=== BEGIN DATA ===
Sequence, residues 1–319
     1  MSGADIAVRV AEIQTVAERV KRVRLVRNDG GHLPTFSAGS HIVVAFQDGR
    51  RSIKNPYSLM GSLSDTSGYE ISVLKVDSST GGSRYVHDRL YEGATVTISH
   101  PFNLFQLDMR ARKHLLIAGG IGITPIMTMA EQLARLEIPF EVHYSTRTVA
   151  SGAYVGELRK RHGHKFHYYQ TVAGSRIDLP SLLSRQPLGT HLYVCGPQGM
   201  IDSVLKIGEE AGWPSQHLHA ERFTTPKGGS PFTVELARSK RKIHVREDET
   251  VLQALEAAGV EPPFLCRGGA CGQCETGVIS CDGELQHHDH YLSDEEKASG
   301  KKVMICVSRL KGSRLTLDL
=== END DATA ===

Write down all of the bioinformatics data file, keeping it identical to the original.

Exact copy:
Sequence, residues 1–319
     1  MSGADIAVRV AEIQTVAERV KRVRLVRNDG GHLPTFSAGS HIVVAFQDGR
    51  RSIKNPYSLM GSLSDTSGYE ISVLKVDSST GGSRYVHDRL YEGATVTISH
   101  PFNLFQLDMR ARKHLLIAGG IGITPIMTMA EQLARLEIPF EVHYSTRTVA
   151  SGAYVGELRK RHGHKFHYYQ TVAGSRIDLP SLLSRQPLGT HLYVCGPQGM
   201  IDSVLKIGEE AGWPSQHLHA ERFTTPKGGS PFTVELARSK RKIHVREDET
   251  VLQALEAAGV EPPFLCRGGA CGQCETGVIS CDGELQHHDH YLSDEEKASG
   301  KKVMICVSRL KGSRLTLDL